“I’m taking the long view. I remember how many years it took us to get the I-57/I-294 interchange built. I remember how many years it took us to get the state to accept the responsibility for controlling the third airport project,” she said. “These things take a lot of time, and there are a lot of bumps in the road along the way, so I am looking at this as one of those. Just part of the process.

“That said, the governor has to realize that all the freezing of state grants, all the cuts he’s talking about, are going to hurt a lot of the communities that I serve. These are poor areas where people rely on state services. Those people aren’t going anywhere. I am not going anywhere. We’re still part of the state, and the governor and legislature need to work together to address their problems.
“All of the governor’s cuts, all of his turnaround agenda, seems aimed at hurting the neediest people of this state while helping those who are the most affluent,” Hutchinson said. “All I know is that this is the hardest time ever for those of us who believe in aspirational politics. This is the hardest time I’ve experienced since I’ve been in politics because I’m scared for people who depend on government to do what is right.

“I have some ideas about ways to work with the governor and still help my communities. I’ve talked with other legislators about them, and there is some support out there. We may have a window of opportunity here to do something that everyone can feel good about. I remain hopeful.”

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City meeting over Carpenter Street artifacts set for Monday

By Seth A. Richardson, State Capitol Bureau

Posted May 7, 2015 at 4:04 PM
Updated May 7, 2015 at 5:21 PM

The city of Springfield will hold a meeting Monday to gather public comments on what to do with a historically significant site unearthed near the 10th Street rail project.Remnants of houses relating to the 1908 Springfield Race Riot were found in October on Carpenter Street between Ninth and 10th streets during construction of a rail underpass. Since their discovery, community groups and minority state lawmakers have said there has been a lack of transparency from the city on what is happening with the artifacts.

An Illinois House committee met Thursday to gather more information about the site. Rep. Al Riley, D-Olympia Fields, said it’s the start of bringing the public into the fold.

“Talking about the historic nature of this site, and talking about the future of rail traffic that we also want to see, I think what we should do is proceed with a sense of coming together,” he said. “Everything can come together if we work together.

Further excavation is on hold as both state and federal authorities decide how to handle the site, which could be preserved as is or moved to another location. The dig itself will not affect the rail project since the site is far enough south of the underpass.

Kevin Seals, chief environmental scientist for Hanson Professional Services, the company overseeing the Carpenter Street work, said in testimony before the committee that it will be months before there is a final report on how to handle the excavation.

The city held a meeting March 10 to gather recommendations for the site, but the Rev. T. Ray McJunkins of the Faith Coalition for the Common Good said public input was limited.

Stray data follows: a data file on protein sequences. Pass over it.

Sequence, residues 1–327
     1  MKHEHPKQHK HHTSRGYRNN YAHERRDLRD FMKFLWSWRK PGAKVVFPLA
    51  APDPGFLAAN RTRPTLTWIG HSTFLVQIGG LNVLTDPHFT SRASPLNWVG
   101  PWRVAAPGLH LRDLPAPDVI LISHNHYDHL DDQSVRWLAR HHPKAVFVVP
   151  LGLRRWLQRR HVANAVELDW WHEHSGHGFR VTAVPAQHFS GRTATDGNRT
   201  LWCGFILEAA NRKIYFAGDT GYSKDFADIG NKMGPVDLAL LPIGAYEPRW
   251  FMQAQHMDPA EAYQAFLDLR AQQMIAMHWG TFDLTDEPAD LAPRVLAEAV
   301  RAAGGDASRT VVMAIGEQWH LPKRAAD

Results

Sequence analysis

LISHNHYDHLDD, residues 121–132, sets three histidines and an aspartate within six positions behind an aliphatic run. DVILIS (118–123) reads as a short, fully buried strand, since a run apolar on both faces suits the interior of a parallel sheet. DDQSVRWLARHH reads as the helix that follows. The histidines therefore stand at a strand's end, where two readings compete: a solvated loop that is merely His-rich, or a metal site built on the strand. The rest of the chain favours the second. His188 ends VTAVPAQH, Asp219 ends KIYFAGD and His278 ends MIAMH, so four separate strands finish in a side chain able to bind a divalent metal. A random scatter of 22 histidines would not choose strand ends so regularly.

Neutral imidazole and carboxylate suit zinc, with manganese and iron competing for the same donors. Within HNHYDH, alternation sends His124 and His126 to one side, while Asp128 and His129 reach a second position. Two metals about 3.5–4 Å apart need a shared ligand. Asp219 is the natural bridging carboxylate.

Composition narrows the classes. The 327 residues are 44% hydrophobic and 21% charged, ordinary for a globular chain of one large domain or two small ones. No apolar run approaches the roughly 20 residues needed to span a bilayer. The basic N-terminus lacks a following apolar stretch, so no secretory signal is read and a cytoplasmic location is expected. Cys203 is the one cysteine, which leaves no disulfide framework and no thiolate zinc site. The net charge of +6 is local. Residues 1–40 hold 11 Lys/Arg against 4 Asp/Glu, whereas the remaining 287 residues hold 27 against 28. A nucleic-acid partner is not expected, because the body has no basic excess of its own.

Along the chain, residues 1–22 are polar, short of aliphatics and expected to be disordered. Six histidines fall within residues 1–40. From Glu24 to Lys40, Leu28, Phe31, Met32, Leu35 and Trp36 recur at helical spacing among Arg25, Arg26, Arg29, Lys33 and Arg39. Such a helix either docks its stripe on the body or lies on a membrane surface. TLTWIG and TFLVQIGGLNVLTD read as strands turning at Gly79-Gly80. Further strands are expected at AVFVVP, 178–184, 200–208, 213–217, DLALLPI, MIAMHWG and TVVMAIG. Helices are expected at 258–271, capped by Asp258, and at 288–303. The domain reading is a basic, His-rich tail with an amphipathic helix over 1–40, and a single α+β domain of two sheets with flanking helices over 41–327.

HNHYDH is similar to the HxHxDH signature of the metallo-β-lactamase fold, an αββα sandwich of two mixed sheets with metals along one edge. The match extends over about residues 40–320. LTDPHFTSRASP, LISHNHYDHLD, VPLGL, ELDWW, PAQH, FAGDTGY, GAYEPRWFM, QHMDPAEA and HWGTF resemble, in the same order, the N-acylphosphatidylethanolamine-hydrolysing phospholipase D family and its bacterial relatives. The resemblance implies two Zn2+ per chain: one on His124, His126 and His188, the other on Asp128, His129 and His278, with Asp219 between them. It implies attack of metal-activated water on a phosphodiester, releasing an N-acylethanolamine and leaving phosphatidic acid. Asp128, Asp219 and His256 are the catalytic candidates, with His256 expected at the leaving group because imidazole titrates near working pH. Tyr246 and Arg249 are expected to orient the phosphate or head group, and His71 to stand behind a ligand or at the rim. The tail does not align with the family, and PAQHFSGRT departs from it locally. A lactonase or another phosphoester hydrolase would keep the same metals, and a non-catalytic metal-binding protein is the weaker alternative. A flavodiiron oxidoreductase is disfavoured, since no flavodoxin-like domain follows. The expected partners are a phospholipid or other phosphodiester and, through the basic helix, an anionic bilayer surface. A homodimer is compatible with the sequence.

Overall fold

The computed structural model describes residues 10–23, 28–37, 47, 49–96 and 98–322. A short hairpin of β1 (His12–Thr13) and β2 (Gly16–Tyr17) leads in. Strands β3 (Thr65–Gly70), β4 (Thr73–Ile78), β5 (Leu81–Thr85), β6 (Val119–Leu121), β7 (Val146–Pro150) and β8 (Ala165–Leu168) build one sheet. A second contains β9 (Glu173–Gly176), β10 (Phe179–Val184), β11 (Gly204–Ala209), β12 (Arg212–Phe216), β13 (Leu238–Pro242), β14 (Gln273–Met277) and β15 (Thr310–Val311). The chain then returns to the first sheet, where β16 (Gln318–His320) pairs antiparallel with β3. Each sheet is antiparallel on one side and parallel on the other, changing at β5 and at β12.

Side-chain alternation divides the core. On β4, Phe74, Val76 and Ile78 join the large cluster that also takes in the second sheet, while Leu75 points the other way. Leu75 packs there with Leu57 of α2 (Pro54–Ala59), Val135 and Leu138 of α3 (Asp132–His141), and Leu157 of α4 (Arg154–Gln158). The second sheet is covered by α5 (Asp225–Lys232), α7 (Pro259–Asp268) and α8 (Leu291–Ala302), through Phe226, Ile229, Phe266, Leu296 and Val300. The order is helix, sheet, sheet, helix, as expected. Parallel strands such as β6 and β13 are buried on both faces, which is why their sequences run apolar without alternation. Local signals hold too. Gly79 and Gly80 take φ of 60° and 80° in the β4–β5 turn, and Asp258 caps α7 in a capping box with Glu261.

“The last public meeting that took place, though it was a public meeting, the public had very limited say-so in that,” said McJunkins, who ran unsuccessfully for city council in last month’s election. “Ultimately, we signed cards, made comments and dropped the cards in boxes.

Incoming Mayor Jim Langfelder, who plans to attend Monday’s meeting, said the process going forward will be transparent.

“Not just this project, but with anything, we’re going to make sure that we’re being accessible to the public as much as possible,” he said.

Rep. Tim Butler, R-Springfield, said the process has been collaborative, but he hopes Langfelder taking office will alleviate some of the concerns.

“I do think it’s a new day in Springfield with Mayor Langfelder taking over,” Butler said. “There’s some willingness on all sides to make sure there’s transparency and information is given when requested.

The Carpenter Street site is believed to be one of the earliest settlements for Portuguese immigrants in the Midwest. By the early 1900s, the neighborhood of immigrants and black residents had become known as “The Badlands.”

The locale was the epicenter of an August 1908 riot over the transfer of two inmates at the Sangamon County Jail. A white woman accused a black man of sexual assault — a claim she later recanted.

Mobs wreaked havoc on the community for two days, burning black-owned businesses and houses — including the houses found on Carpenter Street — and killed at least seven people. Two black men, including an 80-year-old acquaintance of Abraham Lincoln, were lynched.

“Whether or not we’re proud in this point in our history, it is a part of our history,” Butler said. “To have these race riots take place in Abraham Lincoln’s hometown certainly impacted our nation and is a part of the fabric of this community that needs to be told.”

The riots in part led to the formation of the NAACP, the nation’s oldest civil rights group, in 1909.

Monday’s meeting will take place from 5 to 7 p.m. in Room B11D of the Prairie Capital Convention Center.

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Preserving Amtrak funds

There will be an effort in Springfield to preserve state funding for Amtrak.  Amtrak runs eight trains a day between Chicago and Downstate Illinois and seven to Milwaukee that are state-subsidized to the tune of $42 million. The governor’s budget proposal cuts that figure to $26 million, which would mean fewer trains.  State Rep. Al Riley (D-Olympia Fields), the chairman of the House Mass Transit Committee, says lawmakers will want to keep these trains, if they can.
“There’s a dearth of resources, especially with the income tax increase sunsetting, but still, GRF (general revenue funds) is going to be close to $35 billion, so there’s a lot of room to make concessions, and again to sort of prove that some of these knee-jerk decisions in my opinion were short-sighted,” he said.
Amtrak says it is working on the numbers to show the state what it would get with the lower dollar figure.
The state boosted Amtrak funding in 2006, increasing the number of state-supported trains operated daily.